Complainant has developed significant goodwill in connection with the mark throughout the world and its website is an important sales tool for its primary business of licensing film rights internationally.
Complainant has not alleged a geographical area in which it claims common law trademark rights, referring to “international film festivals and markets” and “goodwill … throughout the world”.
The Panel on its own initiative visited the website identified by the disputed domain name, which uses the term “IM GLOBAL” as a banner identifier. The home page of the website refers to the organization in approximately the same terms as the Complaint, stating “IM Global is a major international sales and distribution company founded in March 2007 by Chief Executive Officer Stuart Ford, with offices in Los Angeles and London.”
According to the Registrar's verification, Respondent is registrant of the disputed domain name. According to that verification, the record of registration of the disputed domain name was created on April 27, 2007.
Complainant has submitted a copy of a heavily redacted contract dated September 5, 2007, between three entities on one side, including Respondent, and an entity denominated “Ancramdale Inc.”, a New York corporation, which Complainant asserts is its “principal shareholder”, on the other side. A clause from that heavily redacted contract provided by Complainant states:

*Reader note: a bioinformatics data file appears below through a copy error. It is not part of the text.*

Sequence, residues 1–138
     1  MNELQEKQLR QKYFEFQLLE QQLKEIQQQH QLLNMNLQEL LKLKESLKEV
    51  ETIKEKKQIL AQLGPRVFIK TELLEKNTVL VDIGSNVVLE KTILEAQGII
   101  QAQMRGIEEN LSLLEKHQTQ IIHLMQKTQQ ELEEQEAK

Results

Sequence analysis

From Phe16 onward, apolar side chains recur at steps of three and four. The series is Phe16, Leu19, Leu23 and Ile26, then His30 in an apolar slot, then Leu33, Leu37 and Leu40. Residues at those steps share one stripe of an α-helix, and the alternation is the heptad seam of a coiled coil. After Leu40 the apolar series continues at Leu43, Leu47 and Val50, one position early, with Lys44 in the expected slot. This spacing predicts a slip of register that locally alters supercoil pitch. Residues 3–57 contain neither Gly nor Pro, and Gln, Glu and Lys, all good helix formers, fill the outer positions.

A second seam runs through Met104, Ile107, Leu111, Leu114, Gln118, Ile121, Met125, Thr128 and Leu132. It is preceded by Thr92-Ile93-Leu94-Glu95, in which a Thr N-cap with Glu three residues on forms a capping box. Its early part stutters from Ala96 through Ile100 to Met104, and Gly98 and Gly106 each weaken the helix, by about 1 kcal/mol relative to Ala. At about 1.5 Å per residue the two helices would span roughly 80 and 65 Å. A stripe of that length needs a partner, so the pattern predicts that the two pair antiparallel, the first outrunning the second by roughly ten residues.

“IM shall also facilitate the immediate transfer of ownership and control of the website “www.imglobalfilm.com” to Purchaser for no additional consideration and shall take all technical steps necessary to transfer to Purchaser (or its designee) ownership, control and usage of the ‘imglobalfilm.com' email address currently used by IM Global's staff.”
Complainant has submitted its letter to Respondent dated October 26, 2009 in which Complainant indicates that it has been in contact with Respondent, and in which Complainant states that it is disappointed that Respondent has refused to transfer the disputed domain name. Complainant threatens to pursue all legal and equitable remedies available under California law.
There is no evidence on the record of this proceeding of correspondence from Respondent.